Craig County farmers meet with Congressman Morgan Griffith
From the farm lands of southwest Virginia to Washington DC., farmers are hoping their concerns are heard.
"Eminent domain and also estate tax which is very important to all farmers and we need relief on some of these things,” says J.C. Winstead.
"It is hard to survive when you have to pay these high prices, the EPA rules take all of the corn to make ethanol 40 percent of our corn to make ethanol instead of putting in the grain for the livestock,” says John Hunter.
Congressman Morgan Griffith got the chances to hear those concerns, while touring farms and talking to farmers in Pulaski, Montgomery, and Craig county. He says the concerns he heard, will play at role when he goes back to Washington.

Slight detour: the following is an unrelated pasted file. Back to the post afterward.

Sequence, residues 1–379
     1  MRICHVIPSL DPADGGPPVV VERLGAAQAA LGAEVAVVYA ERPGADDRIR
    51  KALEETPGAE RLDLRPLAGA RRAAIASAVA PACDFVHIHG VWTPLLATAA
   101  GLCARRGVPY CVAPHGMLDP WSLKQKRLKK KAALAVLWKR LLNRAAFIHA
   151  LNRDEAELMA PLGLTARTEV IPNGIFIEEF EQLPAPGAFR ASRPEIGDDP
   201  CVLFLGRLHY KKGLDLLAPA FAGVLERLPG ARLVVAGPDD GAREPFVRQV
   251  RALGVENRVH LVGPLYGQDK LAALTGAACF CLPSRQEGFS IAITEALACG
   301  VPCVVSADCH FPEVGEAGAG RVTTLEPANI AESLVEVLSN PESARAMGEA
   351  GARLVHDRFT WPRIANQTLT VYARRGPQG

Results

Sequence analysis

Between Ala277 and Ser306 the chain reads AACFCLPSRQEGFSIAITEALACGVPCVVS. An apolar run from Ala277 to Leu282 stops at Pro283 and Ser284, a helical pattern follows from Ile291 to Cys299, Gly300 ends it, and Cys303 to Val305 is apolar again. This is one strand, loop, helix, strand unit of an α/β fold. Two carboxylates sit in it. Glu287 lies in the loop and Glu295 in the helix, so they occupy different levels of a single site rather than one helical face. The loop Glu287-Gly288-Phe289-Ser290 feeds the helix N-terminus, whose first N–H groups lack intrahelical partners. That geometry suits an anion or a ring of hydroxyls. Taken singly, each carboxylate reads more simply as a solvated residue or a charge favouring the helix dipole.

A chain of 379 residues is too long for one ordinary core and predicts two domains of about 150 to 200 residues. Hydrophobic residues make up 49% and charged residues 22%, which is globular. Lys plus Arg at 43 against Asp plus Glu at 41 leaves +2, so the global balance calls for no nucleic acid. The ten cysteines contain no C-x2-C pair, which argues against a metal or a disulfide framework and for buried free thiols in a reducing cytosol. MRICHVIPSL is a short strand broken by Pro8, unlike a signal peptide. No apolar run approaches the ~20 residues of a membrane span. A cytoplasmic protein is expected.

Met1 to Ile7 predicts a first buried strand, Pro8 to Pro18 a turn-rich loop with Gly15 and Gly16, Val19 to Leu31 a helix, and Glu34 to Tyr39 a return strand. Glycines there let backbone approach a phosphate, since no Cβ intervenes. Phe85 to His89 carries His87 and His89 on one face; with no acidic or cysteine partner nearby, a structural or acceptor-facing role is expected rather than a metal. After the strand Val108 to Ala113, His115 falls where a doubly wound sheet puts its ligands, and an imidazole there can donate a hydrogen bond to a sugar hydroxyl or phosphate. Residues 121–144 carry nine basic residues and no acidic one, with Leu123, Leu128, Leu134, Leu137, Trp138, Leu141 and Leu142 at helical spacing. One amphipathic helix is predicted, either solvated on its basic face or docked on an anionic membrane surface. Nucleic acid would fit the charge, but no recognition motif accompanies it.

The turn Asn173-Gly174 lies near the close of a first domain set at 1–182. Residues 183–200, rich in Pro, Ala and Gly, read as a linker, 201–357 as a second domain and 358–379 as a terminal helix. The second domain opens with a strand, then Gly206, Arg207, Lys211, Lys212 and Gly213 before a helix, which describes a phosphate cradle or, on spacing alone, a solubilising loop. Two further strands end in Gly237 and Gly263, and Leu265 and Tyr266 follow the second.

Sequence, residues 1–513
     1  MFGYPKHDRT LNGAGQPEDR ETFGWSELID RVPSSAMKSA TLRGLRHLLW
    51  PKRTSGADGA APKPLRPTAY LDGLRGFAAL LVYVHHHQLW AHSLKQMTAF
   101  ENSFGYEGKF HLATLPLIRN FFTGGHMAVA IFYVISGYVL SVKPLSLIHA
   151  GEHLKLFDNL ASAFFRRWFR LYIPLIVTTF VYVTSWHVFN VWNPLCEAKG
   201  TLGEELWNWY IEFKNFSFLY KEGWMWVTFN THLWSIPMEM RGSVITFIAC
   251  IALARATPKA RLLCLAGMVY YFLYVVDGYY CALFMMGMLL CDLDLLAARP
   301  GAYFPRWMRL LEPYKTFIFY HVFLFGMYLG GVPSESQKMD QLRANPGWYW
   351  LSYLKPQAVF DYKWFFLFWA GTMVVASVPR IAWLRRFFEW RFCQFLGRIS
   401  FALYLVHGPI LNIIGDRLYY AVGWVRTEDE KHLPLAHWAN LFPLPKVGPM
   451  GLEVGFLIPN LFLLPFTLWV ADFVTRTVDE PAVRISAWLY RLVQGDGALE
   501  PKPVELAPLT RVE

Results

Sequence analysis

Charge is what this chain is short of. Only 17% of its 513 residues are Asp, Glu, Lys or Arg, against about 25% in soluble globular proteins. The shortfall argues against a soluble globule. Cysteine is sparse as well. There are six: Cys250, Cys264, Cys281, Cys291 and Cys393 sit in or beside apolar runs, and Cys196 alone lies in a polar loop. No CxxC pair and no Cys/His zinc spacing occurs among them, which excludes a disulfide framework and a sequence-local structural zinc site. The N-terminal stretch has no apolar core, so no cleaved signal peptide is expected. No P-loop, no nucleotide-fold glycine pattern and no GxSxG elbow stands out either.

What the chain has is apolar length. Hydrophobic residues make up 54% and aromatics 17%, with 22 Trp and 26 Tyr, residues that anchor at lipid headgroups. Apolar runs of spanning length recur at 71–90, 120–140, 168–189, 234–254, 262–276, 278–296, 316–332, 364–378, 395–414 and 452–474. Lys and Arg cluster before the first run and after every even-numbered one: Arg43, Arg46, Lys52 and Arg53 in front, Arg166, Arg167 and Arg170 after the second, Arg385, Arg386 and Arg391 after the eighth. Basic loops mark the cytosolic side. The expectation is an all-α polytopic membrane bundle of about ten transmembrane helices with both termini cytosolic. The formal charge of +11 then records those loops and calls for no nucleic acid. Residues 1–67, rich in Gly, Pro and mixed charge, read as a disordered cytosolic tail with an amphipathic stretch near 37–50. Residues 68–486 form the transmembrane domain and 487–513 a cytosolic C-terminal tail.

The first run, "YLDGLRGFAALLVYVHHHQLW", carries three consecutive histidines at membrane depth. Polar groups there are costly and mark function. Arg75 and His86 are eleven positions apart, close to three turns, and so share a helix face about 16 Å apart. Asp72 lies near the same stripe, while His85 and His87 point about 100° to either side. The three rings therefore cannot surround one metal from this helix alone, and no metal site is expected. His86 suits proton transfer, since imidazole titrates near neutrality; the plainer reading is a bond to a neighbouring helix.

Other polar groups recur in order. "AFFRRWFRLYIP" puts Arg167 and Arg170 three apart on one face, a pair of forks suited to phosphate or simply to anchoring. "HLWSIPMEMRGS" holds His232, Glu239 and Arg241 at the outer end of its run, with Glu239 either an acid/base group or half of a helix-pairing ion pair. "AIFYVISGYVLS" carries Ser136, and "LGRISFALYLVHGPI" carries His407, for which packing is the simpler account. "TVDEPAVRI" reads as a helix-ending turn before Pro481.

"Take some of this information and when bills come up or amendments come up that deal with certain programs than we have a good idea of how the farmers feel in the 9th district,” says Congressman Griffith.
EPA regulations are a concern the congressman shared with the farmers.
"I joined Bob Goodlatte and his letter, joined Bob Goodlatte in the press conference to asking the EPA to back off those regulations at least for the next year if not longer term and by an large the farmers are saying food costs are going to go up,” says Congressman Griffith.
John Hunter raises cattle, and says he is glad the congressman is against the EPA regulations.
"Curtail some of the EPA wanting to put so much corn into the ethanol back off from that for a year or two or maybe longer would be better to where we can afford to feed the cattle and make better cattle,” says Hunter.
And hopes something can be done to help some of the farmers in southwest Virginia.